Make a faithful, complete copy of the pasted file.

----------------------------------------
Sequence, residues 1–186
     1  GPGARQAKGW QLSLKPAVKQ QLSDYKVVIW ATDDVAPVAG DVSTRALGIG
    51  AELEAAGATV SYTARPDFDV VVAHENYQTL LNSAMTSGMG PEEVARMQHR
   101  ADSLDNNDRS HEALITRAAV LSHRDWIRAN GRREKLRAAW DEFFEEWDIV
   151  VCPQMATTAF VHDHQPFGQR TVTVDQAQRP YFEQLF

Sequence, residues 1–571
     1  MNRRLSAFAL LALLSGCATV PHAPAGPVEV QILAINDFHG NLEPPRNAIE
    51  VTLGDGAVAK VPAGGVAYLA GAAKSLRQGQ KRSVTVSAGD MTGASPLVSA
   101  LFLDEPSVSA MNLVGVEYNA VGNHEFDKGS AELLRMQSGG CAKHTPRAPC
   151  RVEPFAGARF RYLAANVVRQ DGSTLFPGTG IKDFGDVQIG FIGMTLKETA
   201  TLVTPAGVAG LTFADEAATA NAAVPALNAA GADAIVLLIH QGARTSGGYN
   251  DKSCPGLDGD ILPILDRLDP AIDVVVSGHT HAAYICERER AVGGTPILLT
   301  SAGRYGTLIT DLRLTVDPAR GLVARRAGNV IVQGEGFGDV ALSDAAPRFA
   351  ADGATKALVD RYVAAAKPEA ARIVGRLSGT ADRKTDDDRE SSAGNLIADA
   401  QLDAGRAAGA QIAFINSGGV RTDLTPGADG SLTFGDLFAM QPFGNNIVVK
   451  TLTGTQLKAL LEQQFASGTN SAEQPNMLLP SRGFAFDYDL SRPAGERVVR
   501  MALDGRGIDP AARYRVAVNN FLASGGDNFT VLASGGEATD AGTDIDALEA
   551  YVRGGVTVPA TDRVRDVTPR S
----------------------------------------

Sequence, residues 1–186
     1  GPGARQAKGW QLSLKPAVKQ QLSDYKVVIW ATDDVAPVAG DVSTRALGIG
    51  AELEAAGATV SYTARPDFDV VVAHENYQTL LNSAMTSGMG PEEVARMQHR
   101  ADSLDNNDRS HEALITRAAV LSHRDWIRAN GRREKLRAAW DEFFEEWDIV
   151  VCPQMATTAF VHDHQPFGQR TVTVDQAQRP YFEQLF

Sequence, residues 1–571
     1  MNRRLSAFAL LALLSGCATV PHAPAGPVEV QILAINDFHG NLEPPRNAIE
    51  VTLGDGAVAK VPAGGVAYLA GAAKSLRQGQ KRSVTVSAGD MTGASPLVSA
   101  LFLDEPSVSA MNLVGVEYNA VGNHEFDKGS AELLRMQSGG CAKHTPRAPC
   151  RVEPFAGARF RYLAANVVRQ DGSTLFPGTG IKDFGDVQIG FIGMTLKETA
   201  TLVTPAGVAG LTFADEAATA NAAVPALNAA GADAIVLLIH QGARTSGGYN
   251  DKSCPGLDGD ILPILDRLDP AIDVVVSGHT HAAYICERER AVGGTPILLT
   301  SAGRYGTLIT DLRLTVDPAR GLVARRAGNV IVQGEGFGDV ALSDAAPRFA
   351  ADGATKALVD RYVAAAKPEA ARIVGRLSGT ADRKTDDDRE SSAGNLIADA
   401  QLDAGRAAGA QIAFINSGGV RTDLTPGADG SLTFGDLFAM QPFGNNIVVK
   451  TLTGTQLKAL LEQQFASGTN SAEQPNMLLP SRGFAFDYDL SRPAGERVVR
   501  MALDGRGIDP AARYRVAVNN FLASGGDNFT VLASGGEATD AGTDIDALEA
   551  YVRGGVTVPA TDRVRDVTPR S